The agreement creating the trust has peculiar provisions. The object of it, apparently, was to obtain for the associates most of the advantages belonging to corporations, without the authority of any legislative act, and with freedom from the restrictions and regulations imposed by law upon corporations. Article twelve of the agreement is as follows: "All contracts and engagements entered into by the trustees shall be in their names as trustees, and shall provide against any personal liability on the part of the trustees, and stipulate that no other property shall be answerable than the property in the hands of the trustees." We have already said that the subscribers were not to be liable to third persons, and it would seem, therefore, that the business of the trust was intended to be done in a way that would give no one dealing with it a right to bring an action at law against anybody, to enfore any contract or liability of the association.

The trustees held the legal title to all the property and they alone could make contracts. Ordinarily, in the absence of special limitations, trustees bind themselves personally by their

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contracts with third persons. Actions at law upon such contracts must be brought against them, and judgments run against them personally. This is because the relations of the cestuis que trust to their contracts are only equitable, and do not subject them to proceedings in a court of common law, and the property held in trust is charged with equities which hold it aloof from the jurisdiction of a court of law to take it and apply it in pay ment of debts created by the trustees. Such debts, if proper charges upon the trust estate, can be paid from it under the authority of a court of equity.

Whether the trustees in this case, in dealing with the petitioners, provided against personal liability in accordance with the direction of the agreement, as they might do (see Shoe & Leather National Bank v. Dix, 123 Mass. 148), does not appear. If they did, these petitioners cannot maintain an action at law against anybody. As agents and trustees under the agreement they were not authorized to contract any debt which should charge the certificate holders. Of course, if an action at law cannot be maintained, there can be no effectual attachment in such a suit as the petitioners originally brought. If the trustees contracted in the usual way, without referring to anything which would limit the liability resulting from an ordinary contract, they are personally liable to these petitioners, and judgment can be obtained and enforced against them individually; but the trust property cannot be held under an attachment nor sold upon an execution for their personal debts. If, as we presume to be the fact, the trustees were also certificate holders having equitable interests in the property, these are not attachable in an action at law. They can be reached only through proceedings in equity. R. L. c. 159, ยง 3, cl. 7 . Geer v. Horton, 159 Mass. 259. Wemyss v. White, 159 Mass. 484. On no ground, therefore, can it be held that the petitioners acquired a lien upon the real estate by their attempted attachment in the action at law. In the pending suit in equity they stand like other creditors. They already have proved their claim against the estate in the hands of the receivers, and they will obtain their share of the assets.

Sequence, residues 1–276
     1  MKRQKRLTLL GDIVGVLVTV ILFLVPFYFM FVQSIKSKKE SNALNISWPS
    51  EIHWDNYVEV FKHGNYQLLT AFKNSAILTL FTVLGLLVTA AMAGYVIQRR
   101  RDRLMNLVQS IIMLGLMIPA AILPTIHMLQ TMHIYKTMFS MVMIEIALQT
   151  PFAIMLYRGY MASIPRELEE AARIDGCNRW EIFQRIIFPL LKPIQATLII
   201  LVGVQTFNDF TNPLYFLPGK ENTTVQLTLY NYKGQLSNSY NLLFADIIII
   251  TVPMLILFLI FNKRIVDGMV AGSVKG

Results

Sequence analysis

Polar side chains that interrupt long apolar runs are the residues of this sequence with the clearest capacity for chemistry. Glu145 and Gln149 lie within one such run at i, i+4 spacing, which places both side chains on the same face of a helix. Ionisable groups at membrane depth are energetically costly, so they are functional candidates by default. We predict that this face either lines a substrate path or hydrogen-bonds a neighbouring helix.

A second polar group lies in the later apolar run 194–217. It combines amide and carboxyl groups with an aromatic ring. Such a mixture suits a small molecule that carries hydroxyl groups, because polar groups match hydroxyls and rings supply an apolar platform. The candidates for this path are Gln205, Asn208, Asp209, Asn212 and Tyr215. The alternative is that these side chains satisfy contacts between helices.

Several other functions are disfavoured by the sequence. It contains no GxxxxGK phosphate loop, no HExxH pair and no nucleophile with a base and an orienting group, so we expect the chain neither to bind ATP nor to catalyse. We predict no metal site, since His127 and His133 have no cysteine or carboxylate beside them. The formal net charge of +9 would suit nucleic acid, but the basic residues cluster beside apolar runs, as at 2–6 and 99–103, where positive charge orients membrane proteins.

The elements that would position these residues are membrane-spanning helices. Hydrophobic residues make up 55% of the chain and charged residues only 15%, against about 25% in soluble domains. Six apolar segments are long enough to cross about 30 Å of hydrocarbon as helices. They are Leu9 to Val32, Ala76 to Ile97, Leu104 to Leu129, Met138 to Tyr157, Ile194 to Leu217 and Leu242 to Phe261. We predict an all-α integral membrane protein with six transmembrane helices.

Our decision goes no further than to hold that, upon the facts shown, the petitioners have acquired no lien, legal or equitable,

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which gives them precedence over other creditors in the settlement of this trust. We do not attempt to determine whether all the provisions of this agreement are enforceable in the courts, or whether there are such considerations of public policy involved in an attempt of this kind to do business without a legal liability of anybody for debts incurred by the trustees, as merit consideration by the Legislature.

Order affirmed.

G. W. Anderson, for William B. and Heber E. Emery.

G. R. Pulsifer, for himself and others, receivers of the property of the Boston Associates.